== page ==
Studying Social Welfare in India

Written by Nicole Gilmore, Winter Break 2014

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Studying abroad in Mumbai, India was a life changing experience. I was able to go to India during the Winter Break with Professor Mahasweta Banerjee and eight other girls at both the Master’s and Bachelor’s level.  Every day was a new adventure, a new journey that was completely different from my life at home and everything that I knew. While I was there, I was able to listen to lectures pertaining to areas such as mental health, globalization, child welfare, disability, and poverty.

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 I was also able to visit many agencies that covered these wide variety of different topics. When I am asked what my favorite memory from abroad was, I am always at a loss for words because there are so many distinct moments that have altered my view on the role of social work on an international level, as well as what I can apply in my future work in the United States.


 One of the most impacting moments, however, was when we went to a rural village visit to see the Katkari community. The Katkari is a tribe in the state of Maharashtra and were once a group that was based off foods and goods that they obtained from the forest. As time passed, though, they were no longer able to make their livelihoods from the forest and they were left to move seasonally for employment. Every six months the Katkari people migrate from the rural to urban areas and are known most for their work in the brick kilns, where they are many times taken advantage of. Women are sexually harassed and mistreated by the owners of the brick kilns, receiving lower wages than their male counterparts, and children are sometimes even forced to help work with no pay.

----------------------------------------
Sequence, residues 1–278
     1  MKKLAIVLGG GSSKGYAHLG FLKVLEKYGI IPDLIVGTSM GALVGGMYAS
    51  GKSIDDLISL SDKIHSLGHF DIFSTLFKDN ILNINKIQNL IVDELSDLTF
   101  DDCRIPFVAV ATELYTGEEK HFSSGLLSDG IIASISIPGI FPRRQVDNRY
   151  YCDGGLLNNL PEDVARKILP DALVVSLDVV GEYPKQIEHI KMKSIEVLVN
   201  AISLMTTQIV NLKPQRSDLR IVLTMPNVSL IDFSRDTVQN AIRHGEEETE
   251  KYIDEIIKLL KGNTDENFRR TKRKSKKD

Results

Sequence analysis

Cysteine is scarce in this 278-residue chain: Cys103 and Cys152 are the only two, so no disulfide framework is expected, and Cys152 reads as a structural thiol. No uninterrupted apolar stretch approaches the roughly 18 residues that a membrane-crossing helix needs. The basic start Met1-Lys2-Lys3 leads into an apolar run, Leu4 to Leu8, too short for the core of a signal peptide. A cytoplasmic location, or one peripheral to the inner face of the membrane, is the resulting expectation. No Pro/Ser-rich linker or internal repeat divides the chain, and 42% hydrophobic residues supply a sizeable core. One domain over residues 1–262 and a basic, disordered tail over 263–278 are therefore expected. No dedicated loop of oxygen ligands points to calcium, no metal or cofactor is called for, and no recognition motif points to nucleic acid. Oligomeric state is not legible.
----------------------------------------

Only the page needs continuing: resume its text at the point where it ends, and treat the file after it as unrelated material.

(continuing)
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 When I went to the village, I was able to see firsthand a family that was working and staying at the brick kiln site. The family consisted of a mother, a father, a young girl no older than five or six, and a young boy who was around only a year old. The father told us that both his wife and he worked at the site throughout the day while the young girl, even though she could be in school, had to take care of her brother while they were working. Boys are highly favored in the Indian culture and I was saddened that the young girl was viewed as inferior to the male child and had to give up her own opportunity to learn due to this.

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Education can be a gateway to understanding more about these oppressions, ways to combat these issues, and to lead a better life. Without education, many may fall into a cycle in which they repeat many of the same issues that plagued the past generations and may even affect their future generations to come. Many of the people in India are not even given an option and their caste, background, and way are life are forever imprinted onto them. In America, we many times take this for granted. I, even, take this for granted. This trip has opened my eyes to understand more about policies worldwide and domestically, so I can try to empower those that are not always able to speak up for themselves. It has also led me to pursue topics of gender inequality and to advocate on behalf of those experiencing such obstacles, as well as given me a larger scope of the world and people around me.

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